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Discussion in 'Plants and Biodiversity Stumpers' started by Joe Keller, Dec 31, 2005.
A Collinsia, but which one. Given the forum probably not one I know but will take a guess anyway. How about Collinsia rattanii ssp glandulosa or sticky blue-eyed mary. Great name. :) The collinsia (parviflora) along with draba verna are some of the first plants to bloom here near Spokane.
Well, that obviously was not much of a challenge for you Harry. I am only certain that it is Collinsia parviflora. As to which subspecies, you probably know better than I. I took the photo at about 2900 metres in the Kootenay Pass just south of Stagleap Park. The flowers are about 5mm in length and about 2mm wide. It is a very steep slope facing south in a heavy avalanche area. There is lots of water in the spring from snow melt and Bighorn sheep (http://kootenay-lake.ca/mammals/bighorn/) wander around browsing. On the day I took the photograph I picked up 12 woodticks . Other plants in the immediate vincinity include Dodecatheon pulchellum, Erythronium grandiflorum, Suksdorfia ranunculifolia, Draba sp., Cheilanthes gracillima, Woodsia alpina, and Cryptogramma acrostichoides. And since you are so astute at identification, perhaps you can help me further identify this Mertensia I photographed on the same day, same location. Thanks, Joe
Actually I thought it was Collinsia rattanii subspecies glandulosa. The reason I thought that was first because C. parviflora is common here, and being so didn't expect it to come up in the stumpers forum :), and second because of the glandular hairs on the inflorescence. As far as that goes, what I'm taking to be glandular hairs might be aphids or something similar(much too small for aphids or any insect I know of on second though, perhaps ice crystals forming on the hairs though) and then you might be right with C. parviflora. But I've never seen them infest C. parviflora so my guess is still glandular hairs. If you have access to 'The Flora of the Pacific NW' by Cronquist and Hitchcock you might be able to note the differences in the description. I could be wrong though. I have never seen your particular species first hand.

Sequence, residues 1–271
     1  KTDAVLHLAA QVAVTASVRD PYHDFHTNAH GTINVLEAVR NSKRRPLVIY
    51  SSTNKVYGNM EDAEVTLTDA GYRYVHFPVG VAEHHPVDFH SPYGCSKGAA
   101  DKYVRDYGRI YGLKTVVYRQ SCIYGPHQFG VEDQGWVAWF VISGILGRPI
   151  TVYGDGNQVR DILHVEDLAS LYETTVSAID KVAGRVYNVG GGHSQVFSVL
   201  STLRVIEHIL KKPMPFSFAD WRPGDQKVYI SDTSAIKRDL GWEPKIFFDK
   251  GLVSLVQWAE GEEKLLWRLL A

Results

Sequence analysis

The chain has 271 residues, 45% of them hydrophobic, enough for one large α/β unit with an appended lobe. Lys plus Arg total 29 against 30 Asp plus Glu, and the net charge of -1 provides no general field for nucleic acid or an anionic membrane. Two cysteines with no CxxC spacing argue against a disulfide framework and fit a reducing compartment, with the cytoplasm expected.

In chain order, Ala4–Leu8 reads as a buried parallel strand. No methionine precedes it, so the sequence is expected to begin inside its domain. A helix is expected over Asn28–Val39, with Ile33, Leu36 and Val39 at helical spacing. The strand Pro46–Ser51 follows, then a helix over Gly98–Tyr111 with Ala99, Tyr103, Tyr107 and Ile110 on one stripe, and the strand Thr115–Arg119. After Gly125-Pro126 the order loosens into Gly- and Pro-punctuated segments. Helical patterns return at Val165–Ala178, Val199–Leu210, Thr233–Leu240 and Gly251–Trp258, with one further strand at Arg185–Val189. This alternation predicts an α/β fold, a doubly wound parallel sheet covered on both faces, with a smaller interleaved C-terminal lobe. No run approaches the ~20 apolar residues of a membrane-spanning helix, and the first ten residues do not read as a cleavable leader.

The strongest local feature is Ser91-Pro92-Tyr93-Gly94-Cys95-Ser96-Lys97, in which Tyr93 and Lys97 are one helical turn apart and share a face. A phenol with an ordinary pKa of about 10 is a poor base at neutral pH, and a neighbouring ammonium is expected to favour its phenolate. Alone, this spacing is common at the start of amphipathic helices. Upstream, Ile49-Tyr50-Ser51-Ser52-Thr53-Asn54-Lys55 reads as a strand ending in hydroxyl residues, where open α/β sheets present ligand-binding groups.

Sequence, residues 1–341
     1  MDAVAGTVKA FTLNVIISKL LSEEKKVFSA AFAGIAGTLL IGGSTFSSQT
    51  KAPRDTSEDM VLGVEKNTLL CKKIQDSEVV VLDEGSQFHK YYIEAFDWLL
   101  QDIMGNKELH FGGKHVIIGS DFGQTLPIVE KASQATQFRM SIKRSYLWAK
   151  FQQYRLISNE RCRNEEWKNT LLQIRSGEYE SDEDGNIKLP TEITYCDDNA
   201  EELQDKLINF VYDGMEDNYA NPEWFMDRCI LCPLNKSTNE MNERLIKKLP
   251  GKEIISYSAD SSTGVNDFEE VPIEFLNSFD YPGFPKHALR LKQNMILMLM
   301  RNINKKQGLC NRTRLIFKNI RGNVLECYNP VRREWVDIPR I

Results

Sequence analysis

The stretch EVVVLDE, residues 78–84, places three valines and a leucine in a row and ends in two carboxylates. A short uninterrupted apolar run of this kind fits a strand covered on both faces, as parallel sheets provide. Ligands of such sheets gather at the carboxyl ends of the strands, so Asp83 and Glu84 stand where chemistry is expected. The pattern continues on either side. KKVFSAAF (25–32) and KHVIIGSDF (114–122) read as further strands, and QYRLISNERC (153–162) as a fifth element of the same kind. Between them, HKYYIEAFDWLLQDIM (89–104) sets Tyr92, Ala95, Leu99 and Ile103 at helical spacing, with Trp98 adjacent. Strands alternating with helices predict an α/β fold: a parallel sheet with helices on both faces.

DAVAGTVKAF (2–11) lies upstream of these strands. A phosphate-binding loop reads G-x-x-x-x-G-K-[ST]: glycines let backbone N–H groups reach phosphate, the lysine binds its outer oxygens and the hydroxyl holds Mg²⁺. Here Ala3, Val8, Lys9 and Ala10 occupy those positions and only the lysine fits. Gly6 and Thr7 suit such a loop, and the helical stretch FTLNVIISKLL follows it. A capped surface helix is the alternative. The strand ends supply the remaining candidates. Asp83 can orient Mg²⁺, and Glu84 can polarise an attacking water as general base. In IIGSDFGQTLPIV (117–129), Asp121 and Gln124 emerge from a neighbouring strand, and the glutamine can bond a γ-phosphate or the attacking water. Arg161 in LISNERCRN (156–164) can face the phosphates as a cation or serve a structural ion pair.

One of my floras 'The Flora of Southeastern Washington and Adjacent Idaho' by Harold St. John , had the Blue Lips as a common name for C. parviflora which seemed apropos, :) but I've never seen it called that anywhere else.
And the I think the above picture is probably Mertensia oblongifolia. There is another similar species, M. longiflora but it has no basal leaves to speak of. Also M. oblongiflolia is hirsutellous (small fine hairy) on both sides of the leaves, while M. longiflora has the pubescence on just the uppper surface of the leaf. I think I can make out just barely in the photograph the pubescence on both sides of the leaf. Also the the lobes of the corolla in M. oblongifolia are shorter than in M. longiflora as your picture depicts. Also the altitude makes M. oblongifolia more apt to be the plant in question. In actuality, the similarities between the two species are not great, and I would like to see the plant first hand to certain of an identification. But if not the above then M. longiflora which is more common here in lower altitudes(2000ft or ~600 m.).